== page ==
Koch, Goldstone and MJ keeps me busy


Via MJ Rosenberg (at Media Matters), I find out about Ed Koch’s proposal (at Huffington Post) on Jerusalem — share it:

My suggestion is to situate the new Palestinian capital in that part of East Jerusalem that is occupied overwhelmingly by Palestinians, allow the inhabitants of East Jerusalem — Jews, Christians, Muslims and those living elsewhere in the city — to pick the state to which to pledge their allegiance and to cast two votes – one in municipal elections for one mayor to govern the entire city of Jerusalem, and a separate vote in national elections related to the Jewish and Palestinian states living peacefully side by side.

Jerusalem is now roughly two-thirds Jewish and one-third Muslim. The Christian population is about 2 percent. All under the proposal would be voting for a single city council and one mayor. Based on the current population, the mayor would be Jewish. If the demographics changed over the years in favor of the Muslims, a Muslim mayor could be elected.

New York City with its model of five borough presidents is a good model to emulate with Muslim and Jewish areas electing borough presidents to respond to the local needs of the inhabitants. If I could live and govern when I was mayor with Andy Stein as borough president of Manhattan, the mayor of Jerusalem can live and govern with a borough president elected in the Palestinian part of East Jerusalem.

As for the peace talks currently underway, I think that it is ridiculous that they are indirect, since heretofore, the talks were direct. Also, the fact that the leader of the Palestinian Authority, Abu Mazen, is unwilling to say he on behalf of his people recognizes the legitimacy of the Jewish state of Israel is grounds for understandable suspicion on the part of the Israelis. What President Obama should do through Mr. Mitchell is ask that there be matching statements at the beginning of the talks and before the fate of Jerusalem is discussed, with Israel recognizing once again the need for a two-state solution, and the Palestinians publicly announcing in Arabic, Hebrew and English their acceptance of the Jewish state of Israel living side by side in peace with a Muslim state.

MJ, a critic of settlement policy, is kind of amazed that he agrees with Koch, as strident an Israel defender as anyone, on anything Middle East related:

This is such a good idea that I nominate Koch for Mayor of Jerusalem.  He seems to understand, as the current leaders of the municipality do not, that Jerusalem belongs to the people who live there — all of them.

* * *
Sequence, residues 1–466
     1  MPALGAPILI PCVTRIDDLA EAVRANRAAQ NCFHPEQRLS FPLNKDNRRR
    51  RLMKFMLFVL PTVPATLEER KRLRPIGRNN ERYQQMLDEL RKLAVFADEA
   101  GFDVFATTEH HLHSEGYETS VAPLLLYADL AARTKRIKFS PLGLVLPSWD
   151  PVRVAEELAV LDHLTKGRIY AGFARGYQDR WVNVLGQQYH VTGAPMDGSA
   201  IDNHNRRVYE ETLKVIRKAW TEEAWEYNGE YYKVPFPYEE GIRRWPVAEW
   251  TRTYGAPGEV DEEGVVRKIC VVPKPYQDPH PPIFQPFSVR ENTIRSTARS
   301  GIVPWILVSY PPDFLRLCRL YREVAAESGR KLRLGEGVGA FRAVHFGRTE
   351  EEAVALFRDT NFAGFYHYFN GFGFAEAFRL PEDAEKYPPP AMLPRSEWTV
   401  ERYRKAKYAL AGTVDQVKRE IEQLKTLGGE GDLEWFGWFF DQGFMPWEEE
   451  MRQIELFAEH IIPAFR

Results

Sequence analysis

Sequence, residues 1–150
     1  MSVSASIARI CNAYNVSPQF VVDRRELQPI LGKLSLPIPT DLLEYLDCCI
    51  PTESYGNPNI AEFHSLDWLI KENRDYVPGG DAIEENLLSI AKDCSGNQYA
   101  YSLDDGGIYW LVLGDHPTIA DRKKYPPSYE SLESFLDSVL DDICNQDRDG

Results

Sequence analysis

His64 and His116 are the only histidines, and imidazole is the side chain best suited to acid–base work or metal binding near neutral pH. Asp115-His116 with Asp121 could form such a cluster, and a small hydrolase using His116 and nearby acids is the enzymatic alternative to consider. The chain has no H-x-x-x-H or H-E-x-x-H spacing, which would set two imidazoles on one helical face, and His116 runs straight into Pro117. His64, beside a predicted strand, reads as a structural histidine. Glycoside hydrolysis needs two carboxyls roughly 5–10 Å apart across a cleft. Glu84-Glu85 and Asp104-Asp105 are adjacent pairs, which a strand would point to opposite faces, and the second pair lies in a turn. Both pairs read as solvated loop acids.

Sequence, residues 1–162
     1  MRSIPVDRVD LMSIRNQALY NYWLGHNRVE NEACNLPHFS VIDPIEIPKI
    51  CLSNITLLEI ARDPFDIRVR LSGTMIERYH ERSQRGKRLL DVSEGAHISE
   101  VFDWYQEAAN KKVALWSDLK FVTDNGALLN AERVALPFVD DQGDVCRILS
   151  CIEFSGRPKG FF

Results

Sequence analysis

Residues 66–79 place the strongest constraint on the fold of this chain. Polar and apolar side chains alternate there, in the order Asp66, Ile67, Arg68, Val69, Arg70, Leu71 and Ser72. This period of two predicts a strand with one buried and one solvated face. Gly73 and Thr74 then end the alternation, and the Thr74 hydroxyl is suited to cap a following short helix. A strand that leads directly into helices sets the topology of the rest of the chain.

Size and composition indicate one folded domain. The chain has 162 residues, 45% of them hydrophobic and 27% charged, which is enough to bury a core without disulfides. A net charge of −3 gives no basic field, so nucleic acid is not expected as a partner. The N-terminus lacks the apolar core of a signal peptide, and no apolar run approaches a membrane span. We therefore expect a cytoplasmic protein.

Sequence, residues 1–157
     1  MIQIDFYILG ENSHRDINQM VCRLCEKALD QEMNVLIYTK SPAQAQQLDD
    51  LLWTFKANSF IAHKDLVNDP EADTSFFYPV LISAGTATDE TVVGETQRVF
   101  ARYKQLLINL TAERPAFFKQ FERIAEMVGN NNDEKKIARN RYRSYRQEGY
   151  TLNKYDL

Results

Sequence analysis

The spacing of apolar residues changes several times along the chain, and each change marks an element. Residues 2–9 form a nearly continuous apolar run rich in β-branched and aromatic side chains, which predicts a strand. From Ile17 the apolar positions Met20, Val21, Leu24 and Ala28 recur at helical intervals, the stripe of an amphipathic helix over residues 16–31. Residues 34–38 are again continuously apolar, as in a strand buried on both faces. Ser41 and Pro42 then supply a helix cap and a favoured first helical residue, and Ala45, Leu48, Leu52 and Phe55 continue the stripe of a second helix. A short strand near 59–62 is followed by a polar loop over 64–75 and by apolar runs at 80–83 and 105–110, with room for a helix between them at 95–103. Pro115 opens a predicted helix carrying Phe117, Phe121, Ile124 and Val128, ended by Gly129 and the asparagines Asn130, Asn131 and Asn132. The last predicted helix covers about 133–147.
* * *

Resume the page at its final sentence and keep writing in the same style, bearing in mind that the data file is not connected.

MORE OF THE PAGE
Couple of things:

* As MJ notes, Koch advocates making Jerusalem an issue for the talks, now. That stands directly in opposition to the Netanyahu government’s strategy of leaving it for last, endorsed recently by the Obama administration.

* This, indeed, is a creative, unusual proposal — but it shouldn’t be. It bugged me a couple of years ago when the Palestinian Authority complained after candidate Barack Obama told AIPAC that he saw Jerusalem as Israel’s capital and did not want to see it divided again: There is not necessarily a contradiction between a united Jerusalem and one that is capital to both Israelis and Palestinians. This was the common assumption during the Oslo negotiations.

* Koch does not address what to do about the Holy Basin. That’s historically the deal-breaker.

Also, MJ, in the same post, links to Stephen Walt’s counterfactual on the latest Richard Goldstone controversy — that he ordered at least 28 blacks to the gallows as a South African judge, before he became a human rights prosecutor and long before he charged Israel and Hamas with war crimes in last year’s Gaza war:

Suppose Goldstone’s U.N. report had exonerated Israel’s conduct during the Gaza War, and placed most if not all of the blame on Hamas. Suppose further that a prominent Palestinian group had then delved into Goldstone’s past and tried to discredit the report by disclosing the same information about him. Do you think Israeli officials and/or media pundits like Jonathan Chait, Jeffrey Goldberg, and Alan Dershowitz would have rushed to pile on Goldstone, as they have leapt to do over the past few days? Isn’t it more likely that they would have rallied to his defense, and denounced those unscrupulous Palestinians for trying to confuse the issue? Do these guys really think they are fooling anyone?

I would add one thing to Walt’s counterfactual: The excuse commonly profferred for dredging up Goldstone’s past is that his Gaza war report is somehow compensation for his own sins. I’m not a big fan of mind-reading — dismantle or defend the report on its merits or demerits, methinks.

But as long as we’re counterfactual, one could imagine Walt’s theoretical Palestinian group claiming Goldstone "whitewashed" Israel as a means of living with his past. What would Goldberg, Chait and Dersh make of such an "insight"?

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